Title:
Apparatus for segregating parts
United States Patent 4752009


Abstract:
The present invention is an apparatus for segregating desired parts of predetermined dimension from a jumbled flow of such parts and by-product runners. The apparatus includes structure that defines a path for restricting the jumbled flow to a fixed-flow space along a flow length. The apparatus comprises a three-dimensional array of rotatable pickup fingers substantially filling the fixed-flow space and extending therebeyond. The apparatus further includes a suitable device for continuously moving successive distal portions of the rotatable finger array out of and into the fixed-flow space. The rotatable fingers are spaced apart by distances greater than the predetermined dimensions of the desired parts but less than the longest dimension of the runners, for capturing the runners while allowing the desired parts to pass through the pick-finger array. The apparatus additionally comprises stationary fingers, positioned to intermesh with the rotatable finger array, for causing the desired parts to become separated from the by-product runners. The apparatus further includes additional structure so located and configured as to remove the runners from the rotating fingers during rotation of the finger array and allow the thus-removed runners to be conveyed under the influence of gravity away from the apparatus.



Inventors:
Dahlby, Larry C. (Racine, WI)
Application Number:
07/013085
Publication Date:
06/21/1988
Filing Date:
02/10/1987
Assignee:
S. C. Johnson & Son, Inc. (Racine, WI)
Primary Class:
Other Classes:
209/628, 209/671, 425/DIG.51, D03/319
International Classes:
B07C5/06; B07B13/00; B07B13/04; B07B13/05; B29C37/02; (IPC1-7): B07C5/04; B07C5/36
Field of Search:
209/606, 209/616, 209/615, 209/625, 209/628, 209/671, 209/667, 209/607, 425/215-217, 425/DIG.51
View Patent Images:
US Patent References:
4676380Apparatus and method for segregating parts1987-06-30Dahlby209/616
4541532Side kick solids separator1985-09-17Wilson209/651
4484684Parts separator1984-11-27Tetreault209/616
4454030Sprue separator1984-06-12Young209/669
4264012Segregation of molded parts1981-04-28Paradis209/664
4232506Method and apparatus for recovering tomatoes from severed vines, employing a rotated and oscillated shaker1980-11-11Studer209/616
4224350Apparatus and method for selectively ejecting malformed articles1980-09-23Merck209/663
3982632Thermoplastic injection runner transfer system1976-09-28DeLeon et al.209/616
3663142PLASTIC INJECTION MOLDING SYSTEM1972-05-16Cafarelli425/217
3661256MAIL HANDLING AND SEPARATING APPARATUS1972-05-09Hain209/645
3651938AUTOMATIC ARTICLE SEGREGATION1972-03-28Suellentrop, Jr. et al.209/663
3047149Separating objects according to their specific gravity1962-07-31DeKonig209/645
2710097Apparatus for recovering sugar cane from leaf trash1955-06-07Bolles209/12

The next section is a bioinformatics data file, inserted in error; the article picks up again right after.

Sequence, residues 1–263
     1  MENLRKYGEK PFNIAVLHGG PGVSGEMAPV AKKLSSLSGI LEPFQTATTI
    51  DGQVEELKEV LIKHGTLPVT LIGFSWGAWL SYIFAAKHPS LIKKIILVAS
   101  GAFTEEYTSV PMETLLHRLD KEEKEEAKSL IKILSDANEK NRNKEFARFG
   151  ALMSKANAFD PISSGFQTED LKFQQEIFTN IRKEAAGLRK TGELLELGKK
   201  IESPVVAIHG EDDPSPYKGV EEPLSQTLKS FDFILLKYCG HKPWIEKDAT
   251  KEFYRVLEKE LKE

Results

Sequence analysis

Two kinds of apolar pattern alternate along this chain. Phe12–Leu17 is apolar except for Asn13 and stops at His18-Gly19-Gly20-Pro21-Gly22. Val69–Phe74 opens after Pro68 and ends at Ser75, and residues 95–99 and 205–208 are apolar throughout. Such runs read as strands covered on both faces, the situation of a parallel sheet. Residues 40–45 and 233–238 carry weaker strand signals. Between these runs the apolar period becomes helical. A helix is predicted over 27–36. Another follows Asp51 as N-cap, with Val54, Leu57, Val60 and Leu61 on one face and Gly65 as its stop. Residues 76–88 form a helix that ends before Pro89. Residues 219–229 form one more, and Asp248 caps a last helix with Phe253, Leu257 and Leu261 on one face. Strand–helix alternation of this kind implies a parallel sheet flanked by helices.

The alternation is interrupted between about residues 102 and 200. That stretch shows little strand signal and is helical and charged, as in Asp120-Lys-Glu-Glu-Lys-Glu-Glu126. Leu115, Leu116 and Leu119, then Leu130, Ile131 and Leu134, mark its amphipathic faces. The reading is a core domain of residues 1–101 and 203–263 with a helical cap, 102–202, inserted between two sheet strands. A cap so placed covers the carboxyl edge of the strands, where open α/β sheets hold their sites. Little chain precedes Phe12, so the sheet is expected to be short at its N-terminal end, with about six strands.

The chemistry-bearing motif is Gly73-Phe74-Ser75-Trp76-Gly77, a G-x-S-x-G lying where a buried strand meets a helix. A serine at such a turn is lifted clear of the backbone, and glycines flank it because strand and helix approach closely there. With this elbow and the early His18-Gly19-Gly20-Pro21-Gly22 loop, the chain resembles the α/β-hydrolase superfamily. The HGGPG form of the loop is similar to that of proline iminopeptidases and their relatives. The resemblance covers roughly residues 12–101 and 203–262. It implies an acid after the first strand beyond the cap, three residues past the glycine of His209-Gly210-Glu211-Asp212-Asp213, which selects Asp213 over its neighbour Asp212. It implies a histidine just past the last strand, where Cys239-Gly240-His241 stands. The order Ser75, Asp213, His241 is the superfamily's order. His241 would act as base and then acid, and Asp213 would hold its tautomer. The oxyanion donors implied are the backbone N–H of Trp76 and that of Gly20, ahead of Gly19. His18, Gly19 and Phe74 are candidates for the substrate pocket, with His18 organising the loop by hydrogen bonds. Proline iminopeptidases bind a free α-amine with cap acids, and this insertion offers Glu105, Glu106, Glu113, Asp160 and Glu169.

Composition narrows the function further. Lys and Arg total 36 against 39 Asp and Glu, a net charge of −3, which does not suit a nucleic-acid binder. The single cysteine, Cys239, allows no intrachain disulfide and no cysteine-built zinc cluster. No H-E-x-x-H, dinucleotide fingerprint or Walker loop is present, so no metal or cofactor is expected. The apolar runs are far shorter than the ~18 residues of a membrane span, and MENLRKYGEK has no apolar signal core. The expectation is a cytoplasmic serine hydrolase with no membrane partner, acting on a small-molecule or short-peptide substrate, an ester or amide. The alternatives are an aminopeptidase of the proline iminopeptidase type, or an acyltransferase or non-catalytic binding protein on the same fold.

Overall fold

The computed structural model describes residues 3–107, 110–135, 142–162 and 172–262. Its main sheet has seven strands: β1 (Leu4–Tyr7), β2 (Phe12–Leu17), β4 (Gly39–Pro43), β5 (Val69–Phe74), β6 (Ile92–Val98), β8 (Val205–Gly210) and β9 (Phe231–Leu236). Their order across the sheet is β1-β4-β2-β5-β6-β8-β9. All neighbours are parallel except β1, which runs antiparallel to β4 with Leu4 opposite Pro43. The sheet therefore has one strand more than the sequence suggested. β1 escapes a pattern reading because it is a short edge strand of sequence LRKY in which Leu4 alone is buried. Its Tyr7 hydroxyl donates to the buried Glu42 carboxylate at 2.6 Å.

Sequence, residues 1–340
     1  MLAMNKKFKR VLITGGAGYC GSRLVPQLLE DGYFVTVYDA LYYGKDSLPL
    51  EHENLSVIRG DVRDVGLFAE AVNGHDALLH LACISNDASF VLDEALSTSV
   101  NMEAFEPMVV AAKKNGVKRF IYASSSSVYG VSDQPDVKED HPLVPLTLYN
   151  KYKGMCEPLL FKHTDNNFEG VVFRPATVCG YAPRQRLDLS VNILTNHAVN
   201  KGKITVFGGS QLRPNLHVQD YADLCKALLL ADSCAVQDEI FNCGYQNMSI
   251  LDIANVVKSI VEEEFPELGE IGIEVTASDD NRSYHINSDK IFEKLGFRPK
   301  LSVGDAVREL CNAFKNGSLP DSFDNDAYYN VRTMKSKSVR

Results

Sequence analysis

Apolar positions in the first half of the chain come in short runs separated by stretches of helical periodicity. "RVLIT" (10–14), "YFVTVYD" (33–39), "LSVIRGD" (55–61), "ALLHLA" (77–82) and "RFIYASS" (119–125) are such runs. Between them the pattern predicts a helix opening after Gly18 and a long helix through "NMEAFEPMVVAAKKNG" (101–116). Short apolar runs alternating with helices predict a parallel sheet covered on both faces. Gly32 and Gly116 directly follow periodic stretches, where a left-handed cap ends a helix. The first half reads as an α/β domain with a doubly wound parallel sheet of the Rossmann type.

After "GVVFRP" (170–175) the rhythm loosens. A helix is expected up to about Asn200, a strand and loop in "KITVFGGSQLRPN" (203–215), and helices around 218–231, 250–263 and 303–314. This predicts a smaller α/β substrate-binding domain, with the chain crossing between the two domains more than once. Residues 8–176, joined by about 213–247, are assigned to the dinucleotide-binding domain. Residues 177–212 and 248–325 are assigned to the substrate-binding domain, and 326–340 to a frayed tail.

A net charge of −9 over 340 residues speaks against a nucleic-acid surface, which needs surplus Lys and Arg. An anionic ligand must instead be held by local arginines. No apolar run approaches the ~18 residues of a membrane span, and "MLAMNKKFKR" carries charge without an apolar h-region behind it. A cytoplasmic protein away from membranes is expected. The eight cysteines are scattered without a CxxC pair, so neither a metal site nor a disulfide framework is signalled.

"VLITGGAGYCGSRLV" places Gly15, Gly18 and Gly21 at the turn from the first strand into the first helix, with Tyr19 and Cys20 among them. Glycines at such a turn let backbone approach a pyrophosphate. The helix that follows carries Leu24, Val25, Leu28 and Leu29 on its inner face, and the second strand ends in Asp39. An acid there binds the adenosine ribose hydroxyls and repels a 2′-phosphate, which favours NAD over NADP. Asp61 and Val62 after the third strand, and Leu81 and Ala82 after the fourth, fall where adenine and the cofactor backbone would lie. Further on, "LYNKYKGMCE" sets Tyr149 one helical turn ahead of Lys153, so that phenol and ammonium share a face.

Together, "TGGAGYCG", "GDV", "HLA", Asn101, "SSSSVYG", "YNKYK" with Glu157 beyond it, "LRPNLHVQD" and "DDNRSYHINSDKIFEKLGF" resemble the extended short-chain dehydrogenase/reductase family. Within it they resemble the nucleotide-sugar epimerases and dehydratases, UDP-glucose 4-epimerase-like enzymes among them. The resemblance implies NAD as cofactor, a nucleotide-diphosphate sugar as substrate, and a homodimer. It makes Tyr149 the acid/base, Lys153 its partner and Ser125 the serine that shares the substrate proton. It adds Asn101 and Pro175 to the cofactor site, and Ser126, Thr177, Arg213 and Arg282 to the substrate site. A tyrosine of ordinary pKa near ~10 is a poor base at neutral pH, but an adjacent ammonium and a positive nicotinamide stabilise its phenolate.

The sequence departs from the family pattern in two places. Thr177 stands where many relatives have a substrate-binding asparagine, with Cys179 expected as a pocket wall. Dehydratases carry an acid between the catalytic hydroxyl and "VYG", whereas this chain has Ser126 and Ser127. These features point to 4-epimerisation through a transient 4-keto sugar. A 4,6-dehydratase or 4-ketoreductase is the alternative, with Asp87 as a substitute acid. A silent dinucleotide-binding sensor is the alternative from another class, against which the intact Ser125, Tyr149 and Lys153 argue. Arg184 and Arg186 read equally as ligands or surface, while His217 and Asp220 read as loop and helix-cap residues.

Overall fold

2114263Apparatus for separation of vegetables1938-04-12Heaslet209/616
1474566Apparatus for separating fibrous and nonfibrous materials in food products1923-11-20Schorer209/616
1012046N/A1911-12-19Anderson209/616
0781616N/A1905-01-31Owens et al.209/607



Foreign References:
CA679042A1964-01-28209/616
Primary Examiner:
Reeves, Robert B.
Assistant Examiner:
Hajec, Donald T.
Attorney, Agent or Firm:
S. C. JOHNSON & SON, INC. (PATENT SECTION 1525 HOWE ST., M.S. 077 RACINE WI 53403)
Parent Case Data:
REFERENCE TO RELATED APPLICATION

This application is a continuation-in-part of patent application Ser. No. 821,661, now U.S. Pat. No. 4,676,380, filed Jan. 23, 1986, the benefit of which is claimed for purposes of priority pursuant to 35 U.S.C. §120.

Claims:
I claim:

1. An apparatus for segregating desired parts of predetermined dimension from a jumbled flow of such parts and unwanted pieces, wherein said pieces have at least one dimension that is greater than that of said desired parts, comprising:

restricted-path means for restricting the jumbled flow of such parts and pieces to a fixed-flow space along a flow length;

a three-dimensional array of rotatable pickup fingers substantially filling the fixed-flow space and extending therebeyond, the pickup-finger array comprising several pluralities of fingers disposed in the restricted-path means and rotatable relative thereto, the distance along the flow length between the rotatable fingers being greater than the predetermined dimension of the desired parts;

rotatable pickup finger-movement means for continuously moving successive distal portions of the three-dimensional pickup-finger array out of and into the fixed-flow space;

stationary-finger means, comprising a plurality of stationary fingers so located within the distance between the rotatable pickup fingers along the flow length, for causing separation of said pieces from said desired parts carried by the rotatable pickup fingers or entangled therewith; and

stripper means, sandwiched between the several pluralities of rotating fingers and extending from the fixed-flow space, for stripping said pieces from the rotating fingers during movement of the three-dimensional rotating-finger array.



2. The apparatus in accordance with claim 1 wherein each one of the several rotatable pickup finger pluralities is spaced along the flow length from its nearest-neighbor rotatable-finger plurality by a dimension which is less than that of the greatest dimension of said pieces. PG,23.